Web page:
To speculate re recent WC specifics. 2023 season 13th Overall; SL 18th; GS 28th; SG 9th; DH 19th. 2022 season 5th Overall; SL 7th; GS 8th; SG 12th; DH 16th. 2021 season 3d Overall; SL 4th; GS 4th; SG 13th; DH 15th. Tech is her strong suit—except for this past year. 2023: SL 2xT10, 8th best finish. GS 1xT20=12th best finish. SG 3xT10, 4th best finish. DH 3xT10=2x8th best finishes. Weird. Her strongest was SG, which AFAICT is the most physically demanding discipline, requiring high-speed technical turns under high torque and G-force load. Now, if her toe/boot issue persisted during the season—healing, but slowly given the unrelenting race schedule—then for whatever reason SG yielded the best results. Why? I’d guess because between bum toe and new equipment, Michelle couldn’t consistently nail SL/GS’s precise quick turns. Her SG finishes were all T20 except for a 32nd and a DNF, while T20s were rare in GS, and about half of SL and DH. Point being, I suspect like other racers she may shift toward Speed during her later years.

I imagine Michelle intends to compete at least through 2026. (Salomon certainly expects that, I bet.) 2023-24 is a straight WC schedule: 41 races in 22 weekend meets, 28 October to 24 March. If new things sort out over the summer and Michelle's in 3-discipline top gear by January, she'll have a glorious three-year stretch and retire as one of Switzerland’s top ski racers. She won’t do it with wins, having one so far, though I bet she scores at least 8 more victories and three EOS discipline podiums, plus 2xEOS 3d Overall over next three seasons. So her start numbers across disciplines (231 so far), strong EOS WC placements (3d; 3xT10 to date), and Olympic/Worlds medals will put her in elite company.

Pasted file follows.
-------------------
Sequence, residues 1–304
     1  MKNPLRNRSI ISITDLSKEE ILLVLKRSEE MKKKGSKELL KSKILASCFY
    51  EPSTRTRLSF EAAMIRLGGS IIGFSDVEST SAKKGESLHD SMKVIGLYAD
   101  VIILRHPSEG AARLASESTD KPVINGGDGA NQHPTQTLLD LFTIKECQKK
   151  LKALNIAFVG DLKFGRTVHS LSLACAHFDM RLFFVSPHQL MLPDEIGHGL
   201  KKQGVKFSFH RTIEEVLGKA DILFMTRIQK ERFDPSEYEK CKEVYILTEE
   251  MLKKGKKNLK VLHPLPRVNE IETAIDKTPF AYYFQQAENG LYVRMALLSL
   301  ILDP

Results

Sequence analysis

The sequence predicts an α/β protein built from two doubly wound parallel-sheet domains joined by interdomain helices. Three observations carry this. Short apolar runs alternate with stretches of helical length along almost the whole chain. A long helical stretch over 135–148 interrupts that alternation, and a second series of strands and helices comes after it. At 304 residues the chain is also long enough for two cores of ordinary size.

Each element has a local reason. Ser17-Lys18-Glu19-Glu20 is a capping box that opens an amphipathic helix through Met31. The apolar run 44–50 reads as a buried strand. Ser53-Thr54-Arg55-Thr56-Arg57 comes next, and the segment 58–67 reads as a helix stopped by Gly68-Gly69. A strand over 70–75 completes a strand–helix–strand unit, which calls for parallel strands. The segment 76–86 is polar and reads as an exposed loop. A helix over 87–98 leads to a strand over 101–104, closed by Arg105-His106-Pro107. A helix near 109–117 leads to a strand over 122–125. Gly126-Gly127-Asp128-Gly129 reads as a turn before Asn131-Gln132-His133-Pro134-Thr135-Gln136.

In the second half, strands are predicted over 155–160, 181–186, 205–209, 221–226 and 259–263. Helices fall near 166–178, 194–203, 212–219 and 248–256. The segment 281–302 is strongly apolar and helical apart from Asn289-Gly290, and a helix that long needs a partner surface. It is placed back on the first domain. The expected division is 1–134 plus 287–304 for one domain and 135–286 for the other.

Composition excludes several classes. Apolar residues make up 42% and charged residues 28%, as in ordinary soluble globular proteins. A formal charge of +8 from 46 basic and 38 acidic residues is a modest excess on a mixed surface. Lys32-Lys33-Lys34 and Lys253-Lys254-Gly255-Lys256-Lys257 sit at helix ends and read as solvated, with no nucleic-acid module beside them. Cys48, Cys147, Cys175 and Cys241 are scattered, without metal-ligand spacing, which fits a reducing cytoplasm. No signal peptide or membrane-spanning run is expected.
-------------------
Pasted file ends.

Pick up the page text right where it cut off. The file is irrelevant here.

I’d like your opinion. As an outsider to ski racing, the toll equipment change can take upon performance startled me. It really drove home how infinitesimal adjustments, requiring so much on-snow time, are needed to dial in a set-up. Not surprising since we’re dealing in hundreds of a second, but it’s freakin' exacting. Are ski brands so dramatically different that it's worth “sacrificing” a year in your prime hoping for a small but potentially decisive improvement? What does Salomon have that Rossi doesn’t? Factory resources and equipment tech support is probably in play. Do top ski techs work freelance/by contract for athletes/teams, or are they on salary with the manufacturers? I realize money must be a (significant) part of it. Salomon has snagged big names, including Alice Robinson. Alice is 20, and flashed amazing GS chops in 2021. As she/her team sorts and develops her abilities, she may well become a Speed and GS big player. No doubt the brand sees her as a sure-shot long term investment. Same with Marta Bassino, whom I and others think is bound for greatness. Michelle, I’m sure, got a sweet contract to run new boards and torture her feet in a fresh way. So Salomon’s got three primo stars 20, 27, and 29.